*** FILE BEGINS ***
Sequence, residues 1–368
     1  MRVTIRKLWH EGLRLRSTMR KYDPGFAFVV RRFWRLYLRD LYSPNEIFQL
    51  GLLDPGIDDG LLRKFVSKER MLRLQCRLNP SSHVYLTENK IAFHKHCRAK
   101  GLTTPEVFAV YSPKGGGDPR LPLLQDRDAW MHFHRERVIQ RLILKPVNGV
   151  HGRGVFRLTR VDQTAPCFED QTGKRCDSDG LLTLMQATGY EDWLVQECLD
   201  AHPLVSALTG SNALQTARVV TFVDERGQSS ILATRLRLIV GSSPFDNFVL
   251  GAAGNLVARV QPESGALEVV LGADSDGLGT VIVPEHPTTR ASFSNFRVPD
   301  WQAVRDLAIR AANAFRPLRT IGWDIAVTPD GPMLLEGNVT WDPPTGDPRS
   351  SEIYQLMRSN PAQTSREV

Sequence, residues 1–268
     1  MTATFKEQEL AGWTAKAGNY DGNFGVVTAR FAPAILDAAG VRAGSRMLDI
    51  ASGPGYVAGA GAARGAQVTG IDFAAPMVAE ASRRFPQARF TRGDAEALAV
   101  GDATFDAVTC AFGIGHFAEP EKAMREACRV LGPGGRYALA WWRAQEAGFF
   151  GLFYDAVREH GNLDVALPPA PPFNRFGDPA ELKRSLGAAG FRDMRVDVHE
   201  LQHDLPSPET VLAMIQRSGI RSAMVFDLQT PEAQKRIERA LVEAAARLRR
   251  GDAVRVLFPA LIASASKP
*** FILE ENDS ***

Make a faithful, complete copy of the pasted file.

Sequence, residues 1–368
     1  MRVTIRKLWH EGLRLRSTMR KYDPGFAFVV RRFWRLYLRD LYSPNEIFQL
    51  GLLDPGIDDG LLRKFVSKER MLRLQCRLNP SSHVYLTENK IAFHKHCRAK
   101  GLTTPEVFAV YSPKGGGDPR LPLLQDRDAW MHFHRERVIQ RLILKPVNGV
   151  HGRGVFRLTR VDQTAPCFED QTGKRCDSDG LLTLMQATGY EDWLVQECLD
   201  AHPLVSALTG SNALQTARVV TFVDERGQSS ILATRLRLIV GSSPFDNFVL
   251  GAAGNLVARV QPESGALEVV LGADSDGLGT VIVPEHPTTR ASFSNFRVPD
   301  WQAVRDLAIR AANAFRPLRT IGWDIAVTPD GPMLLEGNVT WDPPTGDPRS
   351  SEIYQLMRSN PAQTSREV

Sequence, residues 1–268
     1  MTATFKEQEL AGWTAKAGNY DGNFGVVTAR FAPAILDAAG VRAGSRMLDI
    51  ASGPGYVAGA GAARGAQVTG IDFAAPMVAE ASRRFPQARF TRGDAEALAV
   101  GDATFDAVTC AFGIGHFAEP EKAMREACRV LGPGGRYALA WWRAQEAGFF
   151  GLFYDAVREH GNLDVALPPA PPFNRFGDPA ELKRSLGAAG FRDMRVDVHE
   201  LQHDLPSPET VLAMIQRSGI RSAMVFDLQT PEAQKRIERA LVEAAARLRR
   251  GDAVRVLFPA LIASASKP